All auto accidents are scary — out-of-state ones maybe more. Rest assured virtually all auto insurance policies will cover you in every state, despite variations in insurance rules and state laws. Driving out of state for extended periods (i.e., beyond a few weeks) or moving to another state will require you to update your insurance or buy a new policy.
If you purchased your state’s minimum allowable amount of insurance coverage but that amount is less than what is required in the state where your accident occurred, almost all policies will bump you up to the higher minimum — a.k.a. the “broadening clause.” Conversely, if your minimum coverage is higher than the state minimum where the accident occurred, you’re covered by the higher amount.
The broadening clause also kicks in if you live in a “fault” state that does not require personal injury protection (PIP) insurance and the accident occurs in a “no-fault” state, where it is required. Again, you’re covered.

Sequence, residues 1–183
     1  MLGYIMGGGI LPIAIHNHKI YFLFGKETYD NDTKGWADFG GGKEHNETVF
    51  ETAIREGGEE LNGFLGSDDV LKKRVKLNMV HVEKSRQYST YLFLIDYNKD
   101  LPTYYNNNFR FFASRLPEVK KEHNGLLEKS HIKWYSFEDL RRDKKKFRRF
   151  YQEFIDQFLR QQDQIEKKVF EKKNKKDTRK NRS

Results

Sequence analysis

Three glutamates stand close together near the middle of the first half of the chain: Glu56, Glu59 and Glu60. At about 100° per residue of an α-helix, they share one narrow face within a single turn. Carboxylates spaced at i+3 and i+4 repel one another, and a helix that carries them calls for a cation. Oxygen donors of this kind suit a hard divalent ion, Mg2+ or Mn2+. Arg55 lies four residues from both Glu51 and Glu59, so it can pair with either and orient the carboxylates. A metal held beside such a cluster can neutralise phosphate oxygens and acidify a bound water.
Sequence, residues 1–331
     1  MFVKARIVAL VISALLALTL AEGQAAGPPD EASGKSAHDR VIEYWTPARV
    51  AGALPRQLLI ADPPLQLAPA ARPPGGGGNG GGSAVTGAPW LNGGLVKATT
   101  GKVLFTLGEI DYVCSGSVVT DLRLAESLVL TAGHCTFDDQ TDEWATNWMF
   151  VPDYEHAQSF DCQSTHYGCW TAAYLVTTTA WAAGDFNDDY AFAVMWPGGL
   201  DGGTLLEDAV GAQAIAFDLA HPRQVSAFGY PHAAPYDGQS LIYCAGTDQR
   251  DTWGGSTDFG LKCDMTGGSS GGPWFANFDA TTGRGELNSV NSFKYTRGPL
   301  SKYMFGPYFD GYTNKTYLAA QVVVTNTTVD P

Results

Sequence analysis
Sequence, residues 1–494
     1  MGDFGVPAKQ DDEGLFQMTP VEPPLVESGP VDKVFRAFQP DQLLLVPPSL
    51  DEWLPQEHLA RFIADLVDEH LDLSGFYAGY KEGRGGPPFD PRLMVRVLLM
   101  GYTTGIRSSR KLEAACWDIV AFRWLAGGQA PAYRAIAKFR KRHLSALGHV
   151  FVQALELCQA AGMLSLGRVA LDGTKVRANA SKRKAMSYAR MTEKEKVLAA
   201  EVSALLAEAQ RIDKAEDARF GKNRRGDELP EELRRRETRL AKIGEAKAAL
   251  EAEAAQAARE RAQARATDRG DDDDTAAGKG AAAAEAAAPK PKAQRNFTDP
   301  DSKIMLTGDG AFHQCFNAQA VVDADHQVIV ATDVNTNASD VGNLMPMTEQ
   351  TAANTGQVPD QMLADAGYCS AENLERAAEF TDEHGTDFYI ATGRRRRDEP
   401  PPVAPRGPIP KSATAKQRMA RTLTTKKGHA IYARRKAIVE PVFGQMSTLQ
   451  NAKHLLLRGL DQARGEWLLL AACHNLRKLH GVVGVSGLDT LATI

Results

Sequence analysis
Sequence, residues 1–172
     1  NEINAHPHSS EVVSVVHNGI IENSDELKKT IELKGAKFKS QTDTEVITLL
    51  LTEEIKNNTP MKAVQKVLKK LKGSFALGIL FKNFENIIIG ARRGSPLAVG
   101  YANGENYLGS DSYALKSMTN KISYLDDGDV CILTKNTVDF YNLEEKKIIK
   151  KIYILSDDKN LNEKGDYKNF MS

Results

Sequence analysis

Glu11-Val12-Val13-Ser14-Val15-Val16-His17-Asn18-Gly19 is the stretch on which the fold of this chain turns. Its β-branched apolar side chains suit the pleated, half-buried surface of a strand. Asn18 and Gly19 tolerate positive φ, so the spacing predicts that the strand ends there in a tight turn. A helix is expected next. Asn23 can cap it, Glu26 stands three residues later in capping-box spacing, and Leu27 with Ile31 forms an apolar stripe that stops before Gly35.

You must file a claim in the state where the accident took place or where the at-fault driver (or business) resides. You generally won’t be able to file in your home state unless the at-fault driver (or business) resides, owns property, or works there.
Where is gets tricky is when the defendant driver in your out-of-state crash does NOT have insurance, then a determination needs to be made if you need to file in his home state, or in NH, where you live and where you have uninsured motorist coverage (mandatory on all NH car insurance policies).
Typically, you will need to hire an attorney from the state where the accident occurred — ideally, located near the city or county where the accident took place to save on time and transportation costs, and to benefit from their knowledge of the local courts, judges, and attorneys. Unfortunately, in-person appearances may be required for some court proceedings.
If you are injured by a negligent driver while out of state, our office stands ready to assist you, even if we can’t take on the case ourselves.